Wednesday, April 14, 2010

Water is bigger issue than inflation for India: Jim Rogers

n an interview with ET Now, investment guru Jim Rogers says that water problem is a bigger issue than inflation for India and it should also invest in infrastructure.

As an investor, would you say that the biggest risk in India today is inflation?

No. The more serious risk in India is the huge water problem that northern India has. If they do not do something about the water problem, then there would not be an India story at all but inflation is certainly one of the problems that India is facing.

It is interesting that you mentioned agriculture and also water because farm productivity is stagnant in India and now the government is getting seriously worried about it. What is the recipe?

I am happy that they are getting seriously worried about it after 50 years or 60 years or whatever it has been, but India should be one of the most productive agriculture nations in the world. You have got the land, you have got the soil, you have got the weather, everything is right for India and yet, there are so many regulations and it is almost impossible for Indian farmers to produce much less to compete with the rest of the world. Thousands of Indian farmers commit suicide every year because they cannot make a living and yet in India you should be putting America to shame with your agriculture production instead of sitting and importing food.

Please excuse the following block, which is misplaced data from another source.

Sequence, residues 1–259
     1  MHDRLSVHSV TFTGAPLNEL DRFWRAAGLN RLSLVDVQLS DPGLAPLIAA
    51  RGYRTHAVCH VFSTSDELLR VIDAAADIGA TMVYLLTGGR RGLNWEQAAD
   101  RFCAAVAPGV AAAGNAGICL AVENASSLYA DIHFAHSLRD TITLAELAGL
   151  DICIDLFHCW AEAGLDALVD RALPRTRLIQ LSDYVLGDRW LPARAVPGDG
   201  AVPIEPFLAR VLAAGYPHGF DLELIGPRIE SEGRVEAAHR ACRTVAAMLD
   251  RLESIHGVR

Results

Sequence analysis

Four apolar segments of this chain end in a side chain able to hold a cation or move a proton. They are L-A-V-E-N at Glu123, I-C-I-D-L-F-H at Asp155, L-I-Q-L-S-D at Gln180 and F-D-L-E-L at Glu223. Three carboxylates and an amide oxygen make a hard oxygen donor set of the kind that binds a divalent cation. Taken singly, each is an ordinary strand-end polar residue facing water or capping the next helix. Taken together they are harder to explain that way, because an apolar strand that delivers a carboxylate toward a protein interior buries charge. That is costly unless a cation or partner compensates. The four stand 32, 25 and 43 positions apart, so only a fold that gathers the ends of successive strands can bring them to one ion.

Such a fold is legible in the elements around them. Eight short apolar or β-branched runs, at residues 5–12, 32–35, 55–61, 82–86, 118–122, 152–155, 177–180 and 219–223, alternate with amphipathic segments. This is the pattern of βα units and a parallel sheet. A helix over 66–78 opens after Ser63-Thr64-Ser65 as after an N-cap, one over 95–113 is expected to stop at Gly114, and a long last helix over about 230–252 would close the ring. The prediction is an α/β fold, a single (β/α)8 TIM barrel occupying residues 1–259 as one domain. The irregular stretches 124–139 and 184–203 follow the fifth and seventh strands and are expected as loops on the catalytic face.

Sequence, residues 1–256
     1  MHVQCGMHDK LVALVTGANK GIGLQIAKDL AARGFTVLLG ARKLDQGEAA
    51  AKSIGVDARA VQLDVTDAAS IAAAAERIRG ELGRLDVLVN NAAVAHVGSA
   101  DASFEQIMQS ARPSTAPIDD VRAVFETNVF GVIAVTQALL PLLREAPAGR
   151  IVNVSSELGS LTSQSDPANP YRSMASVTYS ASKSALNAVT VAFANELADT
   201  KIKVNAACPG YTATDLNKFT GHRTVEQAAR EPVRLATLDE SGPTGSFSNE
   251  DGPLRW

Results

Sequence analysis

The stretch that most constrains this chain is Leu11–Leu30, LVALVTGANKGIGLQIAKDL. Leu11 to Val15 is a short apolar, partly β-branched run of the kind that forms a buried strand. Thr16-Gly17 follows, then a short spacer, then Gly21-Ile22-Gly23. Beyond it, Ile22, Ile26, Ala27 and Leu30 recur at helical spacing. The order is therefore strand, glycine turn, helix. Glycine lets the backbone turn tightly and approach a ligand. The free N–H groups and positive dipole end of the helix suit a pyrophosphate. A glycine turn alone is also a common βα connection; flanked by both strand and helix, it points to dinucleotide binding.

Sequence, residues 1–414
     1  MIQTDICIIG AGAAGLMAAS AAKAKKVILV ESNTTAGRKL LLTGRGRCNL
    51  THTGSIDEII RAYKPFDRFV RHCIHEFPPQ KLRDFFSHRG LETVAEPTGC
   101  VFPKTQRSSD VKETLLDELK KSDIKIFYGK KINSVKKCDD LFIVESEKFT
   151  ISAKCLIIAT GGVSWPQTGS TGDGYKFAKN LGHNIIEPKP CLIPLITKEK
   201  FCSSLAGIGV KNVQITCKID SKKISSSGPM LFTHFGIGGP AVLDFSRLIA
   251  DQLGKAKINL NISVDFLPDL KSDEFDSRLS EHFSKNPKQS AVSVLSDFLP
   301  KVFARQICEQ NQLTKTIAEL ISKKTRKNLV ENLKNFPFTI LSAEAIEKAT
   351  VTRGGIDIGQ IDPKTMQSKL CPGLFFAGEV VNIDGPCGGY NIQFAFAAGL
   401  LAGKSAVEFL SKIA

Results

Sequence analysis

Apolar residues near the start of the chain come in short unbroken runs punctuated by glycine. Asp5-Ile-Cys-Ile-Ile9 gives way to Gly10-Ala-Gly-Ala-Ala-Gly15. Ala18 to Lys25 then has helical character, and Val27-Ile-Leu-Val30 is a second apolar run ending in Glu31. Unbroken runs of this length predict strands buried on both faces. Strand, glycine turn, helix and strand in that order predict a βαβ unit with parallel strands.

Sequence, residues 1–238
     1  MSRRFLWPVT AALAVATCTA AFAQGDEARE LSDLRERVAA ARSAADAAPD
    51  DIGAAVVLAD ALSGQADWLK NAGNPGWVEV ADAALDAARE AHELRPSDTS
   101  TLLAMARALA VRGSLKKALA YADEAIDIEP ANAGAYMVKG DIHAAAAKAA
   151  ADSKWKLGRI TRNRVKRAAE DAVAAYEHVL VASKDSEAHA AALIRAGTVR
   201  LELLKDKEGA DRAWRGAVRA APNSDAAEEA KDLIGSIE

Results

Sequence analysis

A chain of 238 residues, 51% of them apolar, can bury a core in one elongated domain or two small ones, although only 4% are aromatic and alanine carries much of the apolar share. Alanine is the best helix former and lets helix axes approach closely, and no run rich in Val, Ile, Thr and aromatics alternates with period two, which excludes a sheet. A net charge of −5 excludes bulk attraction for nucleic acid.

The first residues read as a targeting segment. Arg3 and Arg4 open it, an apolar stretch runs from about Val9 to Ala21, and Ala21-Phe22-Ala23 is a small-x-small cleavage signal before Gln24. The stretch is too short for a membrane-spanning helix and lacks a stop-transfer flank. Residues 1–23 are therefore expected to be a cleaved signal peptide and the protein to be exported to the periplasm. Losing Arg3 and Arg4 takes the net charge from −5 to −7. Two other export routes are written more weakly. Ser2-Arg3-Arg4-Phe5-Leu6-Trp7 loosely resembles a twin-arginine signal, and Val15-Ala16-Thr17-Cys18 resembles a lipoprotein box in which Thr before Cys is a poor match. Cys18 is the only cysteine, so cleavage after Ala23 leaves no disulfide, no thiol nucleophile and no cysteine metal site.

What is your view on Indian equities? Do you still like Sri Lanka and China better?

I am not buying either China or Sri Lanka at the moment. I am not buying equities anywhere at the moment because there had been such big run ups and cheers all over the world that I am just sitting and watching. Normally, when you have big booms over a 10- or 12-month period, it is time to sit back and do something else. So, I do not like to jump in the things after shares have gone up a lot.

Did you participate in equity markets in 2009?

Yes. I owned a lot of the Chinese shares which I bought in October-November of 2008 that was my main play and then commodities so that has been my main play. China, as you probably know, was one of the two or three best markets in the world.

What you make of the credit binge in China? Do you think that it is at all sustainable? What is the end game there?

It is not sustainable. They have been cranking out credit as fast as they possibly can, that too is always release the problems down the road. Now, China has made some mistakes. One, they are pumping out credit at a very rapid rate. Prices are starting to go up for real estate. In my view, the real estate bubbles are developing in Shanghai, Hong Kong and some of the cities in China. Now they are going to have to cut back. Nobody should have done all this huge amount of spending much of that’s credit expansion but they did and now we are going to have to pay for it.

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